The will-change CSS property hints to browsers how an element is expected to change. Browsers may set up optimizations before an element is actually changed. These kinds of optimizations can increase the responsiveness of a page by doing potentially expensive work before they are actually required.
This keyword expresses no particular intent; the user agent should apply whatever heuristics and optimizations it normally does.
Indicates that the author expects to animate or change the scroll position of the element in the near future.
Indicates that the author expects to animate or change something about the element’s contents in the near future.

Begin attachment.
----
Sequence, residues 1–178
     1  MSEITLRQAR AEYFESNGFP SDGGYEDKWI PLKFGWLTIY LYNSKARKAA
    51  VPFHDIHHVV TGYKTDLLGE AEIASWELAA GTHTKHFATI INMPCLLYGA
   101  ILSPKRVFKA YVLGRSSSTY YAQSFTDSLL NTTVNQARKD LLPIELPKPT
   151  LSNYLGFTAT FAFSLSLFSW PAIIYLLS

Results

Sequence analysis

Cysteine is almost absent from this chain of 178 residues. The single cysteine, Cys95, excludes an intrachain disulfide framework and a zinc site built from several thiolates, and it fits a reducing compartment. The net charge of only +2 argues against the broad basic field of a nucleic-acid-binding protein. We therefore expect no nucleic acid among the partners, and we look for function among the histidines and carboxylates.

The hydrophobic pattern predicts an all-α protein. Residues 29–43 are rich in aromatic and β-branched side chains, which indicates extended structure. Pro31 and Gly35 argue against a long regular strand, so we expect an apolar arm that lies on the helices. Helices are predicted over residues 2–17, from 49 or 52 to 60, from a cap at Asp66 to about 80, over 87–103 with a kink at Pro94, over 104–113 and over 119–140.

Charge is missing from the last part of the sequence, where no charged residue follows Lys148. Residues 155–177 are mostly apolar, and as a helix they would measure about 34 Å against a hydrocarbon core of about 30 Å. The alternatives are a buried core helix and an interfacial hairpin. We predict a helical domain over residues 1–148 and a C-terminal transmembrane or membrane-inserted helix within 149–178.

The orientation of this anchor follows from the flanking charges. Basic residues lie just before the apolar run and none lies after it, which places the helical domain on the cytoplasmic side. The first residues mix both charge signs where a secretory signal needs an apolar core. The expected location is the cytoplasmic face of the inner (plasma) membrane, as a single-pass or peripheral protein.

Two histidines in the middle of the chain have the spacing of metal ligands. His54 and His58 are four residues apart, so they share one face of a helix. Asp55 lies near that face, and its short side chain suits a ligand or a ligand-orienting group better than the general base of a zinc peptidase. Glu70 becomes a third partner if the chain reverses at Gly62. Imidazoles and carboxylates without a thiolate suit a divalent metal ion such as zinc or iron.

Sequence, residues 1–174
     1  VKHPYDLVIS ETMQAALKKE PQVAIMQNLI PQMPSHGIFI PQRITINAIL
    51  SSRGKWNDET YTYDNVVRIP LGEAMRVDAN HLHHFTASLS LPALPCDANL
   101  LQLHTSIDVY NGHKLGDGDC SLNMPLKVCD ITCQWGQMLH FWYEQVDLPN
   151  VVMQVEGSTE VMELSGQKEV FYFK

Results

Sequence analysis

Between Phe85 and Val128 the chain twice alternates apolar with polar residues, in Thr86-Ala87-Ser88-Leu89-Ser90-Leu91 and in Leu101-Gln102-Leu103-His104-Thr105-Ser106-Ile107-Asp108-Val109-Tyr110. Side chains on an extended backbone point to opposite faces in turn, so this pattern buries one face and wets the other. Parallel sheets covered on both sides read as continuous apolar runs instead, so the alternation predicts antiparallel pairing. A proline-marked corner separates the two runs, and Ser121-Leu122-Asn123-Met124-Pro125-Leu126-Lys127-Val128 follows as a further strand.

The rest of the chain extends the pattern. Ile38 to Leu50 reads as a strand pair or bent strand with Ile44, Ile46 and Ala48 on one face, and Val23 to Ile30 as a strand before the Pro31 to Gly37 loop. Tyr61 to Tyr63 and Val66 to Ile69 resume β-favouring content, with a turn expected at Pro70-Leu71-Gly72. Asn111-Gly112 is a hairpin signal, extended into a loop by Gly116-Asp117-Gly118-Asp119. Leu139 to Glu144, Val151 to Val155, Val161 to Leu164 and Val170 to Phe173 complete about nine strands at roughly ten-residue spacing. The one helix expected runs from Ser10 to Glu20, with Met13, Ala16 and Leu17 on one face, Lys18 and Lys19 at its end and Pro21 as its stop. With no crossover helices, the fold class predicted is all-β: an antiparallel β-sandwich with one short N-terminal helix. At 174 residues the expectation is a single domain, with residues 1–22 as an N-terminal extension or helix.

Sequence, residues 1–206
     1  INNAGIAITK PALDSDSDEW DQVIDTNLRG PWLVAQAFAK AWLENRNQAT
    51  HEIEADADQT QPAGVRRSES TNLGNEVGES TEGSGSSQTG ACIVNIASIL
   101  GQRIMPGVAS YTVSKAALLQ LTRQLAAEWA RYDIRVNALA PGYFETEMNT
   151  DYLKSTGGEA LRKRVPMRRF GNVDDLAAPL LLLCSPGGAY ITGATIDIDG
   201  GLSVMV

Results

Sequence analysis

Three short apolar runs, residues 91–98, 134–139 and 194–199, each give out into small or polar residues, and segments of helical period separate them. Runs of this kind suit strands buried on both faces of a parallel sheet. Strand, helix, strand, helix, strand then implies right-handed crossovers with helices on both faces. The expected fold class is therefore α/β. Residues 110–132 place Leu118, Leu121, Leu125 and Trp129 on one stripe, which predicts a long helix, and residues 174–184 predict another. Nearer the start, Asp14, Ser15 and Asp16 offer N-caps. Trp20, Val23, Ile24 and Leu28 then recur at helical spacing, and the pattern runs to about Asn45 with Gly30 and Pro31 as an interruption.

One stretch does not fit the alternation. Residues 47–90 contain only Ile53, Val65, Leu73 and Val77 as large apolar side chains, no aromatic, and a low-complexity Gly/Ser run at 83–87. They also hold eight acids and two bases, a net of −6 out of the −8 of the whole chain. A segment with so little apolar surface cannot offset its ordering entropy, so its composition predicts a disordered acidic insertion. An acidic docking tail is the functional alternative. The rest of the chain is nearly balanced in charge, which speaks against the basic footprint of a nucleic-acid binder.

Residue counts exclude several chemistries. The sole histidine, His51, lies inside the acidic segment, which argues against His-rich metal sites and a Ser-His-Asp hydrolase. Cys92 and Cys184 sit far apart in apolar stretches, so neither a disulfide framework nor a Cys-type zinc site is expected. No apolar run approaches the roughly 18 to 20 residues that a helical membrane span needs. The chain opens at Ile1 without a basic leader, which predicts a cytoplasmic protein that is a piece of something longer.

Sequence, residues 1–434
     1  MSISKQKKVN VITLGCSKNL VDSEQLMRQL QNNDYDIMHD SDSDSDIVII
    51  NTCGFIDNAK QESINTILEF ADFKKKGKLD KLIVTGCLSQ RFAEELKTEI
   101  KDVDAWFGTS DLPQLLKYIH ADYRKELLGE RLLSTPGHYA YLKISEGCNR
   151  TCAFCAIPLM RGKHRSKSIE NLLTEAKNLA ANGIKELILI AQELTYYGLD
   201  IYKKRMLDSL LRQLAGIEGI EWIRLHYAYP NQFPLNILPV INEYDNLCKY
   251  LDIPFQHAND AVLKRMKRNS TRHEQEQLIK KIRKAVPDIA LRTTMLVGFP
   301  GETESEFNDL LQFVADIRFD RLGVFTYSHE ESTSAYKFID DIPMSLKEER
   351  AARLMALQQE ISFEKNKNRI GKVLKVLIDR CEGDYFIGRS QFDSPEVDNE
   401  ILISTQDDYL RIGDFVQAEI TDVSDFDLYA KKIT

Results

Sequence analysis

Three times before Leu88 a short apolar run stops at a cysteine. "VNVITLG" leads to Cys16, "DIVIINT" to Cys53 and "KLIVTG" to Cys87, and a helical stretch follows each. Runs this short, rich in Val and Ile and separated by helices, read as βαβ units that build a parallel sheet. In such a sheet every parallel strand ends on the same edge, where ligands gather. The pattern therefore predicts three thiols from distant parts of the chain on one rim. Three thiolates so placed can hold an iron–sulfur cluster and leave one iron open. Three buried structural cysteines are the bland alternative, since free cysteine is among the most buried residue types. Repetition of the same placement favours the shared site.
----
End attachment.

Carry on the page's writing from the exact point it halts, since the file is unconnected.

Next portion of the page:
Indicates that the author expects to animate or change the property with the given name on the element in the near future. If the property given is a shorthand, it indicates the expectation for all the longhands the shorthand expands to. It cannot be one of the following values: unset, initial, inherit, will-change, auto, scroll-position, or contents. The spec doesn't define the behavior of particular value, but it is common for transform to be a compositing layer hint. Chrome currently takes two actions, given particular CSS property idents: establish a new compositing layer or a new stacking context.